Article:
Cloning â€" Is the World Ready? Term Paper

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Chaminade University

Cloning - Is the World Ready?

Steven Ware


12 March 1998

Submitted to: DR. Mark Brasher

PH100 - Intro. To Philosophy

Cloning - Is the World Ready?

Human Genetic Cloning - it has been titled "Breakthrough of the Year", in my opinion, it should be titled "Confusion of the Year", as this is the hottest debate in the Senate to date(BBC). This particular science is the creation of living organisms, derived from another organism through an asexual reproductive process. The question to be posed: "Is America ready for the Human Clone?" In my educated opinion, no; this practice should be outlawed for various ethical, religious, medical, and moral reasons.

First off, when there is a clone, the first ethical issue that comes to mind is, is this a human being? To me, a human being is a person who is breathing air and has a heartbeat; this is just the minimum requirement to be considered a human. So if we do create a human clone, then it must be breathing, and have a functioning heart, so, yes, it is a human. Next, since I determine this clone to be human, it should live under the same constitutional rights as the next human. These constitutional rights are a given, every living man, woman, and child living in this country has these rights. So this human clone should have rights. Well, it doesn't according to the plans for uses of these clones. So where do we draw the line? Another issues that has come up is "the fear that reckless scientists might create novel pathogens that would devastate the world's population, or new plants that would grow out of control and bury the herbal competition"(Boffey 22). Could you imagine another plague that could potentially destroy the entire world? Just another reason to hold off any cloning practices.

"The scriptures clearly teach that God alone has the right over life and death. We are dismally unqualified by knowledge or moral stature to take the role of the Creator"(Priests). This is the word of Chicago physicist, Richard Seed speaking of his opinion of cloning from the religious point of view. Who give a scientist the right to take the life of human clones? This is one of the plans with clones, to create them and to kill them. Father Frank Pavone, International Director of Priests for Life says, "Cloning disregards the dignity of the human person and the dignity of human procreation. It enters the arena of making people. Human cloning should be prohibited by law"(Priests). I tend to agree as I was brought up in a strong Catholic environment, one that has taught me that taking another life is always unforgivable. Only God has this right. So are scientists claiming to be God? Let's hope not.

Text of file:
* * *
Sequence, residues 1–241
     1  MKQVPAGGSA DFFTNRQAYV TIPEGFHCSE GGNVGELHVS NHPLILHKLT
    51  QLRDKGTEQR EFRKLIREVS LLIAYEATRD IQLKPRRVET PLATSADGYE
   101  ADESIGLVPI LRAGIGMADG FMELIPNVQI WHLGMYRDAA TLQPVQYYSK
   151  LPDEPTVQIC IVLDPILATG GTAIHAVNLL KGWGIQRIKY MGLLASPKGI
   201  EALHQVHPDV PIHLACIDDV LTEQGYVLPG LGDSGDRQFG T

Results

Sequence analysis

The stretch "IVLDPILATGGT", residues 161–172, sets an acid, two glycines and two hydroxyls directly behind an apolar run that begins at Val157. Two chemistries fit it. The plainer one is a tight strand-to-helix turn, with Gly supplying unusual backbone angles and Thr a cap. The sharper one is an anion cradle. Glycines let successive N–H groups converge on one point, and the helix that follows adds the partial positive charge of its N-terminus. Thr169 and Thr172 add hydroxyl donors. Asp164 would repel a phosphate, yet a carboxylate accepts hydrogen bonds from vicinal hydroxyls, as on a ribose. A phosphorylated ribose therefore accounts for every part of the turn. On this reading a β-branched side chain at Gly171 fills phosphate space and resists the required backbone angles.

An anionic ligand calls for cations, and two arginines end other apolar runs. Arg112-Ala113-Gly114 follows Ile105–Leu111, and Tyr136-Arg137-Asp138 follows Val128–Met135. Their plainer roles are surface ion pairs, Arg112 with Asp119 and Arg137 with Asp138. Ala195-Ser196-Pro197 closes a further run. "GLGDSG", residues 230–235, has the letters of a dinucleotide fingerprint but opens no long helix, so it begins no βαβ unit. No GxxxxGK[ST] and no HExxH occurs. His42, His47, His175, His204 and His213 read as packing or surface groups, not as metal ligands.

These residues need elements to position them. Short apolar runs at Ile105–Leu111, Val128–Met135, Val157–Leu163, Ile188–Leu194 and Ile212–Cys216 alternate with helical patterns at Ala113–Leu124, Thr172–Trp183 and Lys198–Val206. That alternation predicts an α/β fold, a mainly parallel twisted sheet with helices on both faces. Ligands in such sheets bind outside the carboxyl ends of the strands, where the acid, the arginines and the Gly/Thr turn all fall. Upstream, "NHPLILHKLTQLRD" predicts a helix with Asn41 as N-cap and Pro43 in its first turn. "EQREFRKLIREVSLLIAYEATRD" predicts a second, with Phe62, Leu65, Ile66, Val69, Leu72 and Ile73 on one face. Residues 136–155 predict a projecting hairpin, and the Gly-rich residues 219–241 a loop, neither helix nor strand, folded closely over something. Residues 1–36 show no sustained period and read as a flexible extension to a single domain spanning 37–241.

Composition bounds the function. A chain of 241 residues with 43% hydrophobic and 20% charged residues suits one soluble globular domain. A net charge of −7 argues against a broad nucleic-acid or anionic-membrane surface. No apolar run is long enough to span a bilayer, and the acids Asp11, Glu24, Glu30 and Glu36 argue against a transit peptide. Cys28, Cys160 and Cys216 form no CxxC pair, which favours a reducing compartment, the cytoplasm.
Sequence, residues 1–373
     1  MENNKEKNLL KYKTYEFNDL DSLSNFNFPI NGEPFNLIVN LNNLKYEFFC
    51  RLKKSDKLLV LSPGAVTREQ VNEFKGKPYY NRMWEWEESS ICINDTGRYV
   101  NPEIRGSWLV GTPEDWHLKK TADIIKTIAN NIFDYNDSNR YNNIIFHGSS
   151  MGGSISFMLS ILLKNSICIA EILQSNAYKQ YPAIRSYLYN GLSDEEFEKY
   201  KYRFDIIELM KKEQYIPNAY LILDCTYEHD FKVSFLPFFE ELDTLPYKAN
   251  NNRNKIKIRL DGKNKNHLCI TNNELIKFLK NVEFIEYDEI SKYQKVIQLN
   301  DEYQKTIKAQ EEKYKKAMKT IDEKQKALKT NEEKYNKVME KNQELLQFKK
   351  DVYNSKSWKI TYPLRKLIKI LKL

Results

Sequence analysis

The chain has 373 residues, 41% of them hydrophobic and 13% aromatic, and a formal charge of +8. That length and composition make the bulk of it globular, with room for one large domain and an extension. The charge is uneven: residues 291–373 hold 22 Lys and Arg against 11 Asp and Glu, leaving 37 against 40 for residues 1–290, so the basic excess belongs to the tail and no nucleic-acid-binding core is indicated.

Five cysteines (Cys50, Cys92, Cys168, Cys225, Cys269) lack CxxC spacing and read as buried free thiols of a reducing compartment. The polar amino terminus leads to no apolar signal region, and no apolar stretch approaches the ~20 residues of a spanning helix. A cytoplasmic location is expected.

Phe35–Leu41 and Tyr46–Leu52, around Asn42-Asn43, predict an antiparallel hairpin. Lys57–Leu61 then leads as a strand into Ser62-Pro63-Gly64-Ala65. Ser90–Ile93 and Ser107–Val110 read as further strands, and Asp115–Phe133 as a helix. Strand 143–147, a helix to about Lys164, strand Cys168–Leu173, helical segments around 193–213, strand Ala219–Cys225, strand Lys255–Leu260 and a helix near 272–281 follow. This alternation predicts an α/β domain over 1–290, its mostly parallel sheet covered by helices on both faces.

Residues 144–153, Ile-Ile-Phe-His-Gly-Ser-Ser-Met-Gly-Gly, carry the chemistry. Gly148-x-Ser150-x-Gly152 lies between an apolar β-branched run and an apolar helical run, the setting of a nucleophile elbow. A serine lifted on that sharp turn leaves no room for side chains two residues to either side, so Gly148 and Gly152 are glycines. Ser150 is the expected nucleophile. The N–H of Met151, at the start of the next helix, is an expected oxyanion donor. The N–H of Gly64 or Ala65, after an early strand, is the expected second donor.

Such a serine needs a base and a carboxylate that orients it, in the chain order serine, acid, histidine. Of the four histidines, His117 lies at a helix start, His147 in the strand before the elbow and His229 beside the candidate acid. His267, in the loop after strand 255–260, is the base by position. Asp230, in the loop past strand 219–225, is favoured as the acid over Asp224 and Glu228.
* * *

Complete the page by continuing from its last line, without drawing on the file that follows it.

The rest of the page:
Medically, there might be valid reasons for cloning. Scientist's claim that cloning can help create a cure for cancer, or make it possible to replace body parts that are damaged by disease or injury. This is a valid argument, but the objection to this is, do we need to create a full human clone to replace an arm, or skin damage. I believe not, we have had the technology to do skin grafts for years, and the practice has gotten to the point that it is almost impossible to notice. Also, there have been instances that scientists have grown an ear on the back of a lab rat. Why not expand on this? Why can't scientists experiment with other body parts or other animals? Also, how many human embryos will we sacrifice to create one clone? It took 277 attempts to create "Dolly" the first cloned sheep(Company). Is that acceptable? I for one am totally against it. We need more information, more tests. In the mean time why not keep testing with animals, and not humans.

Looking at this issue morally, do we need to clone human beings? Picture it this way; imagine walking into a classroom with thirty students. Nothing out of the ordinary right? Now, imagine all thirty students look exactly the same, have the same questions, and who talk and walk the same. This is what could conceivably happen with cloning. Clones would not have individual personalities; all clones would eat, walk, and think just like the human that they were molded from. Curing cancer, correcting injuries, or birth defects, to me that is not worth risking another human's life to create a human that will not live a proper life. Where do we draw the line? Are we going to accept the power to create and destroy a human's life? God did not intend for us to have that power. "As a society, we produce, buy, sell, and throw away so many things that we are easily tempted to do the same thing to human beings. We forget the difference between a person and a thing. Things are made; persons are begotten"(Priests). There are the remarks of Fr. Frank Pave, he agrees that human cloning should be outlawed, but he does condone the cloning in the animal or vegetable kingdom to aid the learning process for potential future cloning practices.

President Clinton proposed a five-year ban on human cloning. I agree with this proposition, we nee to put a ban with stiff penalties for all practice within this period. Regarding humans, we need to answer all of the questions, potential risks, uses of clones, first. Yes, the technology is there, but what we have to decide is when or what reasons would

human cloning is acceptable?


BBC News, "Sci/Tech First there was Dolly…" Online

Internet 15 January 1998 Avaliable

Biffey, Phillip M. "Cloning as an Anticlimax." New York Times

01 April 1997, 22.

Company Press Release, "BIO Responds to Cloning Report"

Online Internet. 10 January 1998. Available

Priests for life, "Priests for Life on Cloning ,What does

It mean to me?" Online. Internet. 09 January 1998.


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